Would unionization of dealers push casinos to automation?

Technology is sweeping the casino floor.

Sophisticated slot machines are providing flashier graphics to keep players glued to their seats as video components turn the play into a better entertainment experience.

More and more casinos will install systems that will connect their machines to a single server so slot-floor managers will be able to make changes from a keyboard, minimizing the labor-intensive process of changing individual machines.

Some casinos are looking to increase play by offering devices that operate in restaurants, lounges and at poolside. They work just like portable video games.

In the race and sports books, video screens have gotten bigger and better and nearly every high-profile game is presented as it happens.

One place where technology hasn’t come full throttle is at the table games.

Sure, we’ve seen automatic card-shuffling machines that can handle multiple decks at the tables and card scanners that enable blackjack dealers to determine if they have 21 without looking at the cards.

Probably the most obvious place for automation at the tables is with the dealers themselves.

Would that ever happen?

The dealerless blackjack table was a part of the discussion in a panel at the recent Raving Consulting Co.’s first-ever Table Games Conference.

A panel on the aftermath of efforts to unionize dealers determined it’s possible continued union drives could be countered by management buying more machines that use video of attractive dealers to interact with players instead of human beings.

But panelist Jesse Guest, a table games dealer at Wynn Las Vegas, which went through its own unionization drive, said the personality most dealers bring to the floor may make it more difficult for casino management to dump live dealers for technology.

The Transport Workers Union was elected to represent dealers after a headline-making controversy erupted over whether dealers should be required to share tips with pit supervisors who weren’t making as much money as the dealers. The crux of the issue was whether the dealers could be forced to share their tips or if the company should just pay the supervisors more so that the workers weren’t earning more than their boss.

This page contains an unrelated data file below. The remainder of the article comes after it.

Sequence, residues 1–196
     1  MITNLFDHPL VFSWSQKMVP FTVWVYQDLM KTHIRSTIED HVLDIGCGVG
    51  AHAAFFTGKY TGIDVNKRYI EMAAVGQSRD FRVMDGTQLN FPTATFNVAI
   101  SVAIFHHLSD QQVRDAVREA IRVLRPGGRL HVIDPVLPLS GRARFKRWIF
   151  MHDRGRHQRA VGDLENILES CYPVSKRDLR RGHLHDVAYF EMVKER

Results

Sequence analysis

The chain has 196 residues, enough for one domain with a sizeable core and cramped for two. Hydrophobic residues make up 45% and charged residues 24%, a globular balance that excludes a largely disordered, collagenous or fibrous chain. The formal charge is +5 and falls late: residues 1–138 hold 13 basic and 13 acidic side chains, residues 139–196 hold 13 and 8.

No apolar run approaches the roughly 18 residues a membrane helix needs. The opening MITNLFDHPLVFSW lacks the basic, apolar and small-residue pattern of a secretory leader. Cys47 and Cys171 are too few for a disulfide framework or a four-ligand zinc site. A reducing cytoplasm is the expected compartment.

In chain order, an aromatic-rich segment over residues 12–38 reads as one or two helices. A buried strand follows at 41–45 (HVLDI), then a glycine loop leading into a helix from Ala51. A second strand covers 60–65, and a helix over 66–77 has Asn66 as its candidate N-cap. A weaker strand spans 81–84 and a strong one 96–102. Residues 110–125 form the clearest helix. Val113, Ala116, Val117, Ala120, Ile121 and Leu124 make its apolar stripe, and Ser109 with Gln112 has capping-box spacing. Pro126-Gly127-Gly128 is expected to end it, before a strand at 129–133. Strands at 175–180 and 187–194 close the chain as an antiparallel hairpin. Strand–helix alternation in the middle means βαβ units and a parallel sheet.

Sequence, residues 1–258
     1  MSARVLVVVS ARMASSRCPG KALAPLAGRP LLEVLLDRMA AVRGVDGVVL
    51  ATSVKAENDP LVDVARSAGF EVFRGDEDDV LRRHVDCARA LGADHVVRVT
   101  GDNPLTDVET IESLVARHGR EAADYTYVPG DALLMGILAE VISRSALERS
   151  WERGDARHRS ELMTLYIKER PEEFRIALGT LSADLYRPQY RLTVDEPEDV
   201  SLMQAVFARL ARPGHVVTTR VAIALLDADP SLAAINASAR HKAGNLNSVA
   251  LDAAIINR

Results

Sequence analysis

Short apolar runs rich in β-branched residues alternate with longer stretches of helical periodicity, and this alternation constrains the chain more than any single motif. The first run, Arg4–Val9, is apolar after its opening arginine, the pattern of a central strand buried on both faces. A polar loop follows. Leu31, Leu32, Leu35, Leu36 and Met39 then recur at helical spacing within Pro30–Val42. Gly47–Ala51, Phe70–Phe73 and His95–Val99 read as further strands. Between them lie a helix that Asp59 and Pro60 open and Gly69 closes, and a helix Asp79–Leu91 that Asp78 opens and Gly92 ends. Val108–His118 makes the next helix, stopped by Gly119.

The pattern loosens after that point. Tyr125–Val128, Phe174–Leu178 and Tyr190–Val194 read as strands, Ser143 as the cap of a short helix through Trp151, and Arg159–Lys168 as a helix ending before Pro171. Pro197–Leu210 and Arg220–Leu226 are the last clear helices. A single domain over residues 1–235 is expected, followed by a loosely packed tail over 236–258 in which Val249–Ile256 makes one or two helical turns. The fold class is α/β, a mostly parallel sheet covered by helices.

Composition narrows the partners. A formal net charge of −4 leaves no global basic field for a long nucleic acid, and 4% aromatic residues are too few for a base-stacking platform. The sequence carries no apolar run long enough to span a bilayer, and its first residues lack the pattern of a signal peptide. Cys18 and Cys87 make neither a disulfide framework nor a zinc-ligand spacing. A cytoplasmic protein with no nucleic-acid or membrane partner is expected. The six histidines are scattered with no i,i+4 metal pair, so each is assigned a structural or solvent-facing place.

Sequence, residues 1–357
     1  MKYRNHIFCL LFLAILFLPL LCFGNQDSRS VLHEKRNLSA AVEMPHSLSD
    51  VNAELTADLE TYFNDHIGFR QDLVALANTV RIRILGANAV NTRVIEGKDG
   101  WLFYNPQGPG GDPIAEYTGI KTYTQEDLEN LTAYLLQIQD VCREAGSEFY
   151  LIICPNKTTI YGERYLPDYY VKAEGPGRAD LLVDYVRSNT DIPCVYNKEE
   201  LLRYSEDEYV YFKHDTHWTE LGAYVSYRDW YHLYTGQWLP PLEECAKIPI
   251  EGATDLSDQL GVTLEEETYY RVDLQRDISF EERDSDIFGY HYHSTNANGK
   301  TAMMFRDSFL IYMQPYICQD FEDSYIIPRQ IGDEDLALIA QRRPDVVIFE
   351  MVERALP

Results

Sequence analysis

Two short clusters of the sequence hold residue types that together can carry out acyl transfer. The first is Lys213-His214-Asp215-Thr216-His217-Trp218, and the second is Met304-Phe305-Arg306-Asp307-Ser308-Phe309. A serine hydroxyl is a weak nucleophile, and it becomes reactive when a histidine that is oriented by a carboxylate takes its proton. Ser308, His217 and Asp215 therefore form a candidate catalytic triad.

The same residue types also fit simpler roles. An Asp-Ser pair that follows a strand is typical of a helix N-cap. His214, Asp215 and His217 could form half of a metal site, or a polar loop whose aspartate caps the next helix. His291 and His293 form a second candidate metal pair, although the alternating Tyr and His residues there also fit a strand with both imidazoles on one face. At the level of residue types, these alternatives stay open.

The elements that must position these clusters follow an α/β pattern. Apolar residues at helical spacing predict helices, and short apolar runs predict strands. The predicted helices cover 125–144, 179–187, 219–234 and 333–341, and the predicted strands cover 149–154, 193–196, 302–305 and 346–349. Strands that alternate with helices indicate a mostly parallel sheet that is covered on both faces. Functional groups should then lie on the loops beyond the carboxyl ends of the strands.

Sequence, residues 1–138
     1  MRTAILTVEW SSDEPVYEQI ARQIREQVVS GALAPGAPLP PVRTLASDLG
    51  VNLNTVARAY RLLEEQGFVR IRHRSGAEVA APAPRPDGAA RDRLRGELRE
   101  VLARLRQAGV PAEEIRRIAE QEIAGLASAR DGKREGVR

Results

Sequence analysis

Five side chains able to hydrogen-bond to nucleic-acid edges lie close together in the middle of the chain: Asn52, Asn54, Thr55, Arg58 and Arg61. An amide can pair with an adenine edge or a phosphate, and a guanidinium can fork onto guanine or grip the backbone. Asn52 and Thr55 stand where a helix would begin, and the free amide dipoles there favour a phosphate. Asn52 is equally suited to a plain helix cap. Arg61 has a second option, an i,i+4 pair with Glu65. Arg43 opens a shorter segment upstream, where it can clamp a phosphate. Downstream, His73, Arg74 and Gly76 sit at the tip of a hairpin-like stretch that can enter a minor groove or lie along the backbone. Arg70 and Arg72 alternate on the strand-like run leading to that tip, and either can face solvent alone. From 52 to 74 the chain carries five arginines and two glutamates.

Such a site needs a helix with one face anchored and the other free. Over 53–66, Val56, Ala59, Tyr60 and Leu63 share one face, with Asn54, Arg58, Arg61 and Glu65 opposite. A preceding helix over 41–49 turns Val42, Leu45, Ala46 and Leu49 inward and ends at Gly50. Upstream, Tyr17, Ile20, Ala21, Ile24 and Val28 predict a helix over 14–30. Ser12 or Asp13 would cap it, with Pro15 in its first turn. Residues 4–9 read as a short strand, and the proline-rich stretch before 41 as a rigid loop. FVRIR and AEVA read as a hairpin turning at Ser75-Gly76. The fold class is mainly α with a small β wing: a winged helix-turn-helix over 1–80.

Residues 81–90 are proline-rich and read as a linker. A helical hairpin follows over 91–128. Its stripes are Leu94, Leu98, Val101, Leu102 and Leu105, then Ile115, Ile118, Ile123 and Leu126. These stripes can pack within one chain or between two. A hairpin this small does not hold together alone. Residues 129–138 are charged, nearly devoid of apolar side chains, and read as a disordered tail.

The big question was: Would the Wynn policy spread to other casinos?

Guest said the unionization never would have occurred had Wynn not touched the tips.

„Trust and control were the big issues,“ Guest said. „The bottom line is we trusted this guy.“

But would casinos really pull the plug on live dealers and plug in machines to do the job?

More evidence was presented in a later panel on whether casinos should fear table game advantage players – those alert people who win more by paying attention to abundant comps, drawings and giveaways as well as casino weaknesses to win more than the average player.

Panelists talked about teams like those depicted in the recent film „21“ as well as sloppy dealing practices that present advantage opportunities for players.

But how important is the issue of being wary of advantage players? Panelist Willy Allison, president of World Game Protection Inc., said a dealer survey listed the top five issues in table games and the results were surprising.

Of 115 dealers and pit bosses surveyed, only 3 percent listed advantage play as a key issue. Cheating and theft was listed by 14 percent; dealer errors, 17 percent; and overcomping, 18 percent. The biggest issue, listed by 49 percent of those surveyed: slow game pace.

That tells me that the union push may not be the only reason why casinos could someday look at further automating the table game pits.

Don’t think it could happen? Check out the poker room at the Excalibur. In August, it was converted to PokerPro electronic tables, which takes the dealer out of the action. PokerTek, the maker of the new machines, says the system is capable of dealing 50 percent more hands for Texas hold ‚em and 100 percent more hands for Omaha games since the „cards“ are all video images.

Manufacturers are doing more and more with table-game technology, and it’s likely that more of it will be unveiled in November at the next Global Gaming Expo in Las Vegas.

Machines can work faster and they’ll never unionize.

But they’ll never exude the personality of card dealers.